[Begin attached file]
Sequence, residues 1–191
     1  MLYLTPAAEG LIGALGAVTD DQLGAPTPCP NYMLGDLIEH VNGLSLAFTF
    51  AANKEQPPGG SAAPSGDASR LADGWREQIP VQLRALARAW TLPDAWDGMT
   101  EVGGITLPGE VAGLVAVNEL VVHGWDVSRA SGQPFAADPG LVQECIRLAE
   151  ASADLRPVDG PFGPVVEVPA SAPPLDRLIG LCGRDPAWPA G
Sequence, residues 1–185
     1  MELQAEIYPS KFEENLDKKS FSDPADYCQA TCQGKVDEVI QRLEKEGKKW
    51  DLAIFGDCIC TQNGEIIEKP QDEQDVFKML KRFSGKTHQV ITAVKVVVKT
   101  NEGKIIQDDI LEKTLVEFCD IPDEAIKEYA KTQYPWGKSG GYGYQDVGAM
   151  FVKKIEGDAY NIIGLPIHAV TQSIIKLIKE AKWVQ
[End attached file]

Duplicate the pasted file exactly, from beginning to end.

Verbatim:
Sequence, residues 1–191
     1  MLYLTPAAEG LIGALGAVTD DQLGAPTPCP NYMLGDLIEH VNGLSLAFTF
    51  AANKEQPPGG SAAPSGDASR LADGWREQIP VQLRALARAW TLPDAWDGMT
   101  EVGGITLPGE VAGLVAVNEL VVHGWDVSRA SGQPFAADPG LVQECIRLAE
   151  ASADLRPVDG PFGPVVEVPA SAPPLDRLIG LCGRDPAWPA G
Sequence, residues 1–185
     1  MELQAEIYPS KFEENLDKKS FSDPADYCQA TCQGKVDEVI QRLEKEGKKW
    51  DLAIFGDCIC TQNGEIIEKP QDEQDVFKML KRFSGKTHQV ITAVKVVVKT
   101  NEGKIIQDDI LEKTLVEFCD IPDEAIKEYA KTQYPWGKSG GYGYQDVGAM
   151  FVKKIEGDAY NIIGLPIHAV TQSIIKLIKE AKWVQ